“To be most frank, Jason might be better off writing independently, not for Forbes, a publication that works for Bill Gates and spins for Bill Gates (he desperately needs spin right now).”Quite frankly, he should ignore them and focus on facts. Other Microsoft liars such as Bogdan Popa pushed (once again) the same lies/lines without even as much as scepticism. Jason doesn’t need to ‘help’ them. These people will spread whatever lies Microsoft thinks are essential to spread. Microsoft used to do lots of that through its pedophile, Microsoft Peter, who spread all these lies to the point where the Open Source section in Ars Technica was literally nothing but Microsoft lies. He did that even days before he was arrested and the publisher collapsed. Is Softpedia next? Popa is doing “Softpedia News” no favour every time he’s relaying Microsoft lies from Microsoft staff. This cannot possibly be good for the site in the long term…

To be most frank, Jason might be better off writing independently, not for Forbes, a publication that works for Bill Gates and spins for Bill Gates (he desperately needs spin right now).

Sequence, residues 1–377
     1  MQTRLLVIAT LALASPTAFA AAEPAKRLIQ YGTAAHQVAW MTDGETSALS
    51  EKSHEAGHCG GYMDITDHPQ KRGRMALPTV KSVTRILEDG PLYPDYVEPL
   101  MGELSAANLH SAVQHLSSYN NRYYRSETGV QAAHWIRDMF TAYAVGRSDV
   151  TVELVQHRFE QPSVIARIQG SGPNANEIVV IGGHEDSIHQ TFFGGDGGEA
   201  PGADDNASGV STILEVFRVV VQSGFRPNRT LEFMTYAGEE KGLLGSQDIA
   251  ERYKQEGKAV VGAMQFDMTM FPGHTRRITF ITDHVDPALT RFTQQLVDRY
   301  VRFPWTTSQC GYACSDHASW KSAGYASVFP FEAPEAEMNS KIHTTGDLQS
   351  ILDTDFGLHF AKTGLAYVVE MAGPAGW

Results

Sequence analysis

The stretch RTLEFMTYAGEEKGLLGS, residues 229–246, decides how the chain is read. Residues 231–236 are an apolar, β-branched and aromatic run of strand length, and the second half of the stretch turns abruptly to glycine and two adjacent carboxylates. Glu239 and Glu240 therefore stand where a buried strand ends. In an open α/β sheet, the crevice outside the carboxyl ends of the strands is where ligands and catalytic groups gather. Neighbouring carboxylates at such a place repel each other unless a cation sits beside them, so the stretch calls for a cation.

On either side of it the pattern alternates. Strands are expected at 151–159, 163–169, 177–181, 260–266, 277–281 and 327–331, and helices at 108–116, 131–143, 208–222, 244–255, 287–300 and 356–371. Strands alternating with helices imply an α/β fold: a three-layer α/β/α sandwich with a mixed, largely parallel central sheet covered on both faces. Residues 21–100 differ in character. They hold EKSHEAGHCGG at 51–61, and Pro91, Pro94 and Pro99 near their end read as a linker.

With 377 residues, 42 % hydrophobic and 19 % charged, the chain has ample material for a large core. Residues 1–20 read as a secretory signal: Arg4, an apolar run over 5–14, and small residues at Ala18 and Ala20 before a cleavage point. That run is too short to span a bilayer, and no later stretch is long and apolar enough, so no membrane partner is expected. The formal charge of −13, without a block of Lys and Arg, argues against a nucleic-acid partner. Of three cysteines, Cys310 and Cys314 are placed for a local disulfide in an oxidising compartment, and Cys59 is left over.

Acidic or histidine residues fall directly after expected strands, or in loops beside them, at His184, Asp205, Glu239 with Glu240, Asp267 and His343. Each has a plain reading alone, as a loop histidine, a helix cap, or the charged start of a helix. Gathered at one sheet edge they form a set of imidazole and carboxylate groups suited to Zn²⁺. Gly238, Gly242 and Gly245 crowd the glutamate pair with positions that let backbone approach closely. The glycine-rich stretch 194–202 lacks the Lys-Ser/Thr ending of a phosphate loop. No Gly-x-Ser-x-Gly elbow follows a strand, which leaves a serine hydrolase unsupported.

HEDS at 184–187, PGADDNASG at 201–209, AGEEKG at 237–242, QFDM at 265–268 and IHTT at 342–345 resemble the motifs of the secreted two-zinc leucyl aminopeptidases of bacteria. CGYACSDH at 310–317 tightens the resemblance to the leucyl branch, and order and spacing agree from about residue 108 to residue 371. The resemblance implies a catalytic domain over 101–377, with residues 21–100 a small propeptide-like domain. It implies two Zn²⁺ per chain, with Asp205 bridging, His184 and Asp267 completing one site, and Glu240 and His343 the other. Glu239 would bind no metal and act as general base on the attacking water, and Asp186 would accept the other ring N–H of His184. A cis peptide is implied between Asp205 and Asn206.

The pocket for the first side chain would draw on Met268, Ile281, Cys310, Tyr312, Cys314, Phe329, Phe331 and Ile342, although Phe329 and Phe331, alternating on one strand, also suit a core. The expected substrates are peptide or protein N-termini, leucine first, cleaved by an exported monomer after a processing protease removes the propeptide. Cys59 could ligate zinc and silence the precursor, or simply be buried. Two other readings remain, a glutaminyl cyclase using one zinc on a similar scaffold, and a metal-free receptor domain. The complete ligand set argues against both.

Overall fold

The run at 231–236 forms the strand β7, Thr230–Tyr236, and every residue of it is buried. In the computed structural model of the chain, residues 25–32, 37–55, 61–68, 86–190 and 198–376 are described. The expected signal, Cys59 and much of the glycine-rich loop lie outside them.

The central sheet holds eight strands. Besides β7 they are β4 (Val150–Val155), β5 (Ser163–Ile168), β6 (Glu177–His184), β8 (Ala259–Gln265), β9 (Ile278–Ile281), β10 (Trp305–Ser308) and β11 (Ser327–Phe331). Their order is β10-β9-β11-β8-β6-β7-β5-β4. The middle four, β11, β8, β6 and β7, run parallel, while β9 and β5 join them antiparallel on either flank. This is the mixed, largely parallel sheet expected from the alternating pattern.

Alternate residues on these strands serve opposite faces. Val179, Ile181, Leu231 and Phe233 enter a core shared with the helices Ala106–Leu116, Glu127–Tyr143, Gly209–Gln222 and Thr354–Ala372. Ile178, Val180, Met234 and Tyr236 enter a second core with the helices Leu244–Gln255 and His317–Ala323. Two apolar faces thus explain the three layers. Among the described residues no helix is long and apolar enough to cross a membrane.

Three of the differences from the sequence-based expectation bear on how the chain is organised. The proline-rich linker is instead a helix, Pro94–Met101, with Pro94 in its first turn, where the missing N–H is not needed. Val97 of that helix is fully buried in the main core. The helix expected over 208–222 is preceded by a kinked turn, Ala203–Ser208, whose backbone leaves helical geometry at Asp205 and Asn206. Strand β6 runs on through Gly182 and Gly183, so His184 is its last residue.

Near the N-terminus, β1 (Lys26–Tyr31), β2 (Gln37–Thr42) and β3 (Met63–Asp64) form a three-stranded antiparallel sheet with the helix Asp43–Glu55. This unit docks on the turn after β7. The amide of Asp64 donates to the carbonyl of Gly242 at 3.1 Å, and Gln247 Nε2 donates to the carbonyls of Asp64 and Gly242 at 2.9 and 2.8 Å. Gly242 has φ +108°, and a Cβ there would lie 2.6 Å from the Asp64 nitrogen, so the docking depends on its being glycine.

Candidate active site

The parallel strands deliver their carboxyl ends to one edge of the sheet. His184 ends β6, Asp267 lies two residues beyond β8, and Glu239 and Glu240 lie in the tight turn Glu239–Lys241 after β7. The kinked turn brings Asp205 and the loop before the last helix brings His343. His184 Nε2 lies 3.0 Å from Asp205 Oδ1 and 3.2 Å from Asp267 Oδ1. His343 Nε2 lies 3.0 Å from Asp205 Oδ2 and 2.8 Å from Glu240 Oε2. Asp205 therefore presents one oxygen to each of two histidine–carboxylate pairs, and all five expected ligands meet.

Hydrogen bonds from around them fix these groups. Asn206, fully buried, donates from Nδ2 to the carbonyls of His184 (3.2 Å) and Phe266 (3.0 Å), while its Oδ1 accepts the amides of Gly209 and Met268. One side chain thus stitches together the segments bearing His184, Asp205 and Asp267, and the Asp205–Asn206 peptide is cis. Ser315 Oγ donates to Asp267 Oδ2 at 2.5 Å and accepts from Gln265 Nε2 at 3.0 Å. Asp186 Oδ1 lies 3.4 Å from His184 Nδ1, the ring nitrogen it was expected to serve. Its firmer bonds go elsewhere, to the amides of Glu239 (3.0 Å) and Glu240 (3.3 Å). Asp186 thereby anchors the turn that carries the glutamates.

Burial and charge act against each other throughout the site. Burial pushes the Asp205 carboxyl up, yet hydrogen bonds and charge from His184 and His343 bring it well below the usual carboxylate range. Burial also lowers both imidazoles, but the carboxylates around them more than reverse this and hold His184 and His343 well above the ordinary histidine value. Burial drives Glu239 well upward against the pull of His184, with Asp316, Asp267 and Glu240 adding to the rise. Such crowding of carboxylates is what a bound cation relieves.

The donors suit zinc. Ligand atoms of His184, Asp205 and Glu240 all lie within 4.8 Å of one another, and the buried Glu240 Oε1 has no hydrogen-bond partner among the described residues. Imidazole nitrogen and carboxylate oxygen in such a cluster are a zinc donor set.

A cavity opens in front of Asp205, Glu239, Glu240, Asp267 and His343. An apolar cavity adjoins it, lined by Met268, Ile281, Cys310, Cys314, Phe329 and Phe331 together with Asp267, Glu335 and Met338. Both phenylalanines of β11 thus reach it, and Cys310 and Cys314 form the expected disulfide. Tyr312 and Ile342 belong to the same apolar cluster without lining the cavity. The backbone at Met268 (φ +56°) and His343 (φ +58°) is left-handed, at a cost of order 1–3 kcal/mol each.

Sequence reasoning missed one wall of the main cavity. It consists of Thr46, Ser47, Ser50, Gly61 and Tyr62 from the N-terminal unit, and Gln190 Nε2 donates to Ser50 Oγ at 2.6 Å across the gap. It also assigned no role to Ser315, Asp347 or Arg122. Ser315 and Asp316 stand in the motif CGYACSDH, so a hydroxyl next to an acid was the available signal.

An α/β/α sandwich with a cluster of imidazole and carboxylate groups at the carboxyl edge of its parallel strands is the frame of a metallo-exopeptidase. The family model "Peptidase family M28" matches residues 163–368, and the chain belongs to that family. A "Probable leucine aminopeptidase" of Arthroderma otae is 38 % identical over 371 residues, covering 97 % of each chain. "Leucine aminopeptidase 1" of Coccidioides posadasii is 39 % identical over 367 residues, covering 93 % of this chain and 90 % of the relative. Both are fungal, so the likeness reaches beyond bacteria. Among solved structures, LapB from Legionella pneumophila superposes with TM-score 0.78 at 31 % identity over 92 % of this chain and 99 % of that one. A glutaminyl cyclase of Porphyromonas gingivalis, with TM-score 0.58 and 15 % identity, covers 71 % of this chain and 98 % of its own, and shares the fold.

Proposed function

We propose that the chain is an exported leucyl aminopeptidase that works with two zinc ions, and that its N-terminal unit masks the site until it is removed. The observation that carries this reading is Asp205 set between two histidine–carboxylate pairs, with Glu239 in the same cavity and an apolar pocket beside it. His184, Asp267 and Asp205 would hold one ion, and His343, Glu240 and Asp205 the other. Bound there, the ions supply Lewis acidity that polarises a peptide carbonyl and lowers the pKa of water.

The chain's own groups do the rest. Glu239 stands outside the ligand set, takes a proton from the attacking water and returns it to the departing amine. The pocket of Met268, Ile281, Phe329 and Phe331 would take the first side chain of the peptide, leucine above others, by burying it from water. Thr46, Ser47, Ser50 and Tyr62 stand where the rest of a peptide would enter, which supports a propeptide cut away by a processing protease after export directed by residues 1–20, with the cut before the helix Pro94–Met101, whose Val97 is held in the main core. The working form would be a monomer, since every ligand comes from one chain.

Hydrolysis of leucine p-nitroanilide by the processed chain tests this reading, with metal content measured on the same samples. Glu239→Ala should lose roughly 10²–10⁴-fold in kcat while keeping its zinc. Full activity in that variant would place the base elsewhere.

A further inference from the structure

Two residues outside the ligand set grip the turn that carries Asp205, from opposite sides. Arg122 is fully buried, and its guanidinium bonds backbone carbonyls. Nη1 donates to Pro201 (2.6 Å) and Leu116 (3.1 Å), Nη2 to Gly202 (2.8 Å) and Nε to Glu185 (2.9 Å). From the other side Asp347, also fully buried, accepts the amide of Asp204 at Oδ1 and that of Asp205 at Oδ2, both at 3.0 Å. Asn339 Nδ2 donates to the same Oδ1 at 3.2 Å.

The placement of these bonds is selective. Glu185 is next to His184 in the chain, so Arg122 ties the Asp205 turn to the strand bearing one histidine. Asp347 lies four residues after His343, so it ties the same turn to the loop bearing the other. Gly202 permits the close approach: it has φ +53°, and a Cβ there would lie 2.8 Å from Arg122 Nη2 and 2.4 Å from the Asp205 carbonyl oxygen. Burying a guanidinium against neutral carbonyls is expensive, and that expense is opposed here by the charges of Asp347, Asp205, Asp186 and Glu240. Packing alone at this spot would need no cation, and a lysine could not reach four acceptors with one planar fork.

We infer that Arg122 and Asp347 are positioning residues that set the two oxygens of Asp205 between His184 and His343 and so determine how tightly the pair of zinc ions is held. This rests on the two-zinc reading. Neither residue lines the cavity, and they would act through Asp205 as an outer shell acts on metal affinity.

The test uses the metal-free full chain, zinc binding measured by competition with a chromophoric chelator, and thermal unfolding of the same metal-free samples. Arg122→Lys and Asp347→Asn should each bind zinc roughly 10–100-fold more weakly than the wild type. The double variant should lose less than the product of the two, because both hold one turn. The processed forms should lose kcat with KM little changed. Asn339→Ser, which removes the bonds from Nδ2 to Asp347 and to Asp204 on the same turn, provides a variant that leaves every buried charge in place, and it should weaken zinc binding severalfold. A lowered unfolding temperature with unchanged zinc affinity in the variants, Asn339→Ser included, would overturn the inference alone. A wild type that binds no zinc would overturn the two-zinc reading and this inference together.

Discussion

Meme: Setting the Record Straight

Posted in Bill Gates, Free/Libre Software, FSF at 12:52 am by Dr. Roy Schestowitz

Did Stallman defend Epstein like the corporate media said?

Richard Stallman’s “Statements about Epstein” when it all began: “I want to respond to the misleading media coverage of messages I posted about Marvin Minsky’s association with Jeffrey Epstein. The coverage totally mischaracterised my statements.

“Headlines say that I defended Epstein. Nothing could be further from the truth. I’ve called him a “serial rapist”, and said he deserved to be imprisoned. But many people now believe I defended him — and other inaccurate claims — and feel a real hurt because of what they believe I said.

“I’m sorry for that hurt. I wish I could have prevented the misunderstanding.”